Now you need to generate some traffic, which can be done by simply refreshing your browser a few times.

After a few minutes, you should see the various services on your home page like so:

Speedscale UI showing podtato-head services

Drill Down for API Visibility

Before you can start to execute the load test, it’s important that you first understand how traffic is organised within the Speedscale domain.

If you click on the podtato-head-entry, you will see a map that shows the relationships among the various services. The entry service is responsible for fetching images from all of the other services, which you can clearly see in the service map:

Speedscale UI showing service map of podtato-head

Going down into the table, you can see exactly what the call is from the entry service to each outbound API. It is fetching the SVG of the image that is shown on the home page. In your own apps, you can use this drill down to inspect what is being sent and received between your internal and external services.

You might spot that a SaaS endpoint changed the body of responses and that your current libraries aren’t up to date – Speedscale’s traffic viewer can help to diagnose this issue.

You may want to read a case study about all the ways Speedscale can help you detect problems in your infrastructure.

Speedscale UI showing specific request from podtato-head

By using this observed traffic, you can replay the traffic as a load or performance test scenario to understand the limits of our Kubernetes cluster. Click on the Generate a Snapshot button and this portion of traffic will be analysed and stored for future use. (Accept the default settings in the wizard.)

Load Test Kubernetes with Traffic Replay

Running a replay of the snapshot is as simple as applying a patch file. Note that this patch refers to the original traffic snapshot (yours will have a specific unique id), and it also references a test config to run through the traffic at 10x what was originally recorded. Be sure to update the testconfig-id to performance_10replicas.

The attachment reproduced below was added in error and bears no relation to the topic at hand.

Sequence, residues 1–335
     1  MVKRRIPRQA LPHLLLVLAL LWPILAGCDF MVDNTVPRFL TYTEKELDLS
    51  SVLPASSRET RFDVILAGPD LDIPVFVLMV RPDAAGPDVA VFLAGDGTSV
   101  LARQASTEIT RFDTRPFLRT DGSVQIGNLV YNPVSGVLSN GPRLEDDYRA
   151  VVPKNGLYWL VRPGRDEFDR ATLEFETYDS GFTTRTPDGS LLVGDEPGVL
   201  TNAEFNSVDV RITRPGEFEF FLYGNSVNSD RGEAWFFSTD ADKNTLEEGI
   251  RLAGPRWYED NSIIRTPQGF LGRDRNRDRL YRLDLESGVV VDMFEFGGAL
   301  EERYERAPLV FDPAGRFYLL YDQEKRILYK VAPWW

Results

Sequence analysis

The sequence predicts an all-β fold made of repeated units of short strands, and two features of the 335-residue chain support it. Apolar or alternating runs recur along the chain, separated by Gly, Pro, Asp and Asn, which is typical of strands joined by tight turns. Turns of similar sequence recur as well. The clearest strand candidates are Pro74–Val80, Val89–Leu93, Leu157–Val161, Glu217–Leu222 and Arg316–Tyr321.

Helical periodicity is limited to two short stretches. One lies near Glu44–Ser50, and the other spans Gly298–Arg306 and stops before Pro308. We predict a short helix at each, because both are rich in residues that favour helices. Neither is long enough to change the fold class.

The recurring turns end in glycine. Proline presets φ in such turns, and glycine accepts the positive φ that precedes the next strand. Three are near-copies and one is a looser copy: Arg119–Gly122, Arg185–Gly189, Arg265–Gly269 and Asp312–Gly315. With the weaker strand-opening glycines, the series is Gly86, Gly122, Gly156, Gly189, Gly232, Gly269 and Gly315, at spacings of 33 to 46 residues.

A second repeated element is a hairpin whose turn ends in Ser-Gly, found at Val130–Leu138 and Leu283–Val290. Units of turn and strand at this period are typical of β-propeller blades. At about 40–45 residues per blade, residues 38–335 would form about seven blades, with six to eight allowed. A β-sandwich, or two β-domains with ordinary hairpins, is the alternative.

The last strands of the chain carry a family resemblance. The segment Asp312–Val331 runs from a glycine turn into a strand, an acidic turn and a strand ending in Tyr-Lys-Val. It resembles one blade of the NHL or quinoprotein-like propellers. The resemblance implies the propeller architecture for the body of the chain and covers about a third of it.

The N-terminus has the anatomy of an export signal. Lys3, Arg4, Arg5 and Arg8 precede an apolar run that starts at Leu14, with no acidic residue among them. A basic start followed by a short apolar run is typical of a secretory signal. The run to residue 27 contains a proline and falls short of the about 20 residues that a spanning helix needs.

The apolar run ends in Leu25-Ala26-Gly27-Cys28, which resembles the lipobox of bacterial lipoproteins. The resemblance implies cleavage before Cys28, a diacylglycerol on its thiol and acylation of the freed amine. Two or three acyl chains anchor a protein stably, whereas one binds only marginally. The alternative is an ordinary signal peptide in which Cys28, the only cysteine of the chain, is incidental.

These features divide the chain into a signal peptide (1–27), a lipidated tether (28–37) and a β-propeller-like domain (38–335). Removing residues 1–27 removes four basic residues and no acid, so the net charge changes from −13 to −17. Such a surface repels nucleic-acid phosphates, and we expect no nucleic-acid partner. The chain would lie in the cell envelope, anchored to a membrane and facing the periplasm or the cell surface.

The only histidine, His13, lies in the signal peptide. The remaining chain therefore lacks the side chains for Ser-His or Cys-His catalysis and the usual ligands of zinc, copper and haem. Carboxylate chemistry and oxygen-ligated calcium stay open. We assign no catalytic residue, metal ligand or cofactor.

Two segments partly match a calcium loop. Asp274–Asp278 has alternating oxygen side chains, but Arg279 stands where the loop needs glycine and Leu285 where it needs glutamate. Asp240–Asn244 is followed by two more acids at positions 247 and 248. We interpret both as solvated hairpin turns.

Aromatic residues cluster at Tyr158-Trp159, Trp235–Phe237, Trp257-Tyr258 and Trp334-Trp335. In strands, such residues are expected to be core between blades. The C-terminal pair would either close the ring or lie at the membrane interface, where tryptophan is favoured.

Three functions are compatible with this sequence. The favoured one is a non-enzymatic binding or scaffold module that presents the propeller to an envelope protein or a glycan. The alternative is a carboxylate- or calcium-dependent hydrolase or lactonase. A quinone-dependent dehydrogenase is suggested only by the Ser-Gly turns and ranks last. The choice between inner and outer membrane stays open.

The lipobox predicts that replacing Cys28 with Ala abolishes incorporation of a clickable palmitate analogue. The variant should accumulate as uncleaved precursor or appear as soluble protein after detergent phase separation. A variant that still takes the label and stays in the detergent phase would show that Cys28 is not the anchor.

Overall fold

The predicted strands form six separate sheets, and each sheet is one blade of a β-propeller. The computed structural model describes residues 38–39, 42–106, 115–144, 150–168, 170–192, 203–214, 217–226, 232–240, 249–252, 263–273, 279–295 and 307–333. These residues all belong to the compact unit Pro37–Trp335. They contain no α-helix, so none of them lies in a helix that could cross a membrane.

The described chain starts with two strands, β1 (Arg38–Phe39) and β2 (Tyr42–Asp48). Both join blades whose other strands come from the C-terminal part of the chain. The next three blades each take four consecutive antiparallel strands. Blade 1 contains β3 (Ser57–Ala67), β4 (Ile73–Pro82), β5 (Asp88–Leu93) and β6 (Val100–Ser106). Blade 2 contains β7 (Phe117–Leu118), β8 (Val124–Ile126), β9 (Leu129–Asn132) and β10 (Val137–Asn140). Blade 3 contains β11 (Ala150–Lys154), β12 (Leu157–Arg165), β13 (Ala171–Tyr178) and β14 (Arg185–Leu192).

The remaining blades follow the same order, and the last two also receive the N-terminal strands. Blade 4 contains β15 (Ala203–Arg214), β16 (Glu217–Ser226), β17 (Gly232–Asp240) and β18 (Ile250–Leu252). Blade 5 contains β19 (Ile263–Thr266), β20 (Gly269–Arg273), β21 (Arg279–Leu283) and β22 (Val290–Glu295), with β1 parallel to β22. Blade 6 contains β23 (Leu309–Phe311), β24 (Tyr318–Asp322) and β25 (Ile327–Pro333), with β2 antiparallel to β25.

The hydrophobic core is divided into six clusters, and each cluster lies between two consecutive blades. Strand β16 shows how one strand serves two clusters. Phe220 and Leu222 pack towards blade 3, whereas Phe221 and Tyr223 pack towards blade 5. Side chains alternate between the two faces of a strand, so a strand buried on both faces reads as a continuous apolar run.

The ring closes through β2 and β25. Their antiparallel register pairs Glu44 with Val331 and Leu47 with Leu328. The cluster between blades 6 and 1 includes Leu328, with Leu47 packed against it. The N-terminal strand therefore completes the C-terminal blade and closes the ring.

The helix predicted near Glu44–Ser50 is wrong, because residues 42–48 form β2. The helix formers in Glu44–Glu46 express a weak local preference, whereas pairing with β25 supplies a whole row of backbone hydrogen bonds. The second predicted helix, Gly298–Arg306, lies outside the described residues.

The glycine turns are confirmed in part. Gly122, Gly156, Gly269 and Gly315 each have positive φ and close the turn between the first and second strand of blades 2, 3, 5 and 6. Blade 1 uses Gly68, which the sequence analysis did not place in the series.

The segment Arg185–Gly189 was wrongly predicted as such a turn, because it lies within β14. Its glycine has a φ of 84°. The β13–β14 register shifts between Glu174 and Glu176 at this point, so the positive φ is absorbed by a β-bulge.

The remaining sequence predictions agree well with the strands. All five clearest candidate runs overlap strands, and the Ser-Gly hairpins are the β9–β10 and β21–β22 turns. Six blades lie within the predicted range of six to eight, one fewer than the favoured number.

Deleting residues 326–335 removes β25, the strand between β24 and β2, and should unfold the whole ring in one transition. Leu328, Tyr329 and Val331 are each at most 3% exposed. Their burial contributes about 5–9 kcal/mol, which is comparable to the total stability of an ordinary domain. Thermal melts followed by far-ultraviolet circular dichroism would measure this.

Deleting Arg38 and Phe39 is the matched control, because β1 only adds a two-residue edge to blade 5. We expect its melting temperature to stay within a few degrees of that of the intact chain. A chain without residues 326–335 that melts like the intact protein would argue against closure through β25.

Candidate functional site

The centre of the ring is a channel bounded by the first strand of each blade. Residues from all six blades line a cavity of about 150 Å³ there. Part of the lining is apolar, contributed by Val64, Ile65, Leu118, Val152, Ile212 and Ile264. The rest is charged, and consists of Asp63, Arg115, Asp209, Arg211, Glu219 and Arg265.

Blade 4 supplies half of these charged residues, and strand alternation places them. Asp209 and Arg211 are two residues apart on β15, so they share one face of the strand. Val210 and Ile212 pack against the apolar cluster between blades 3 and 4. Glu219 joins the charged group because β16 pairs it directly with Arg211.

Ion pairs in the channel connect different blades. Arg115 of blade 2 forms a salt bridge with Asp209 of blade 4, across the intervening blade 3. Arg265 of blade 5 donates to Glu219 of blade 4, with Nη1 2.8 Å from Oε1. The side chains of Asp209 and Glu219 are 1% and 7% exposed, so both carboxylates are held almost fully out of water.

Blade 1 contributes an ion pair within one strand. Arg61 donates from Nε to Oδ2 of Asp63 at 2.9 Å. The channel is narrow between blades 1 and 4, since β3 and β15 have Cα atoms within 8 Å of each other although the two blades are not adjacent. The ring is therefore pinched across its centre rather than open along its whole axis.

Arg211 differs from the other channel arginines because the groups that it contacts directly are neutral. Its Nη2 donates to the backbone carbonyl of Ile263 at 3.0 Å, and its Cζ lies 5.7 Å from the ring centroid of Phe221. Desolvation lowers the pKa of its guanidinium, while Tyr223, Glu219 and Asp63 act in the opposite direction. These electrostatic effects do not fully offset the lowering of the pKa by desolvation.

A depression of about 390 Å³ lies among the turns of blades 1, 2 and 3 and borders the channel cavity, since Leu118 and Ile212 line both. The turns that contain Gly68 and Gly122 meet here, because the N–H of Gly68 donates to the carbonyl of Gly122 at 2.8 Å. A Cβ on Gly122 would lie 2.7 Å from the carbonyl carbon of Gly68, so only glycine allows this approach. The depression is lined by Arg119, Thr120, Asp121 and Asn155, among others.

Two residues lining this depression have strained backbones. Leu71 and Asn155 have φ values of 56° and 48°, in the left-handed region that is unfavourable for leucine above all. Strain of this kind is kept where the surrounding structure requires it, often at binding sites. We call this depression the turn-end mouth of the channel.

Feel free to try out a few variations of the test config for different load patterns. These patterns are stored in customisable test configurations that can help you to load test your application or help you to transform traffic to generate chaos tests for test and staging environments.

Save the following to a file called patch.yaml:

apiVersion: apps/v1
kind: Deployment
  name: podtato-head-entry
    replay.speedscale.com/snapshot-id: UUID
    replay.speedscale.com/testconfig-id: performance_10replicas
    replay.speedscale.com/cleanup: "inventory"
    sidecar.speedscale.com/inject: "true"

Run the replay by executing:

$ kubectl patch deployment podtato-head-entry --patch-file patch.yaml

We can check for the Speedscale pods during our run by checking the namespace. These will disappear once testing is done.

$ kubectl get pods

After replaying the traffic, the test pods will disappear and you will see your replay on your traffic screen. It may take a moment to process, depending on how much traffic you sent. First, though, at the top of the page, you can see how requests for the different parts of the image were retrieved from your various backend services.

This can be useful when trying to track down service dependencies in your own application. For example, there could be an old application that you rely on that everyone thought was decommissioned, but it’s still sending and receiving traffic.

Speedscale UI showing requests in a specific snapshot

Next, clicking on the replay will take you to a replay report.

Speedscale UI showing a replay report

Here, you can see metrics such as the average latency of requests, throughput, and a breakdown by endpoints tested. Memory and CPU usage are collected if the Kubernetes metrics server is installed and configured, which we did not do in this demo. The latency, throughput, and hardware metrics can be helpful in identifying slow services or endpoints or for identifying the best cost-to-performance hardware for your application.

Load Test Kubernetes with Speedscale

Hopefully, this demonstration has been useful for showing you how quickly you can load test Kubernetes microservices and how Speedscale can help you to understand the relationships between them! We encourage you to sign up for a free trial and test it out in your own environment today!

Or, if you’re unsure about whether Speedscale is the right choice for your Kubernetes load tests, you can check out our comparison between Speedscale and four other popular tools.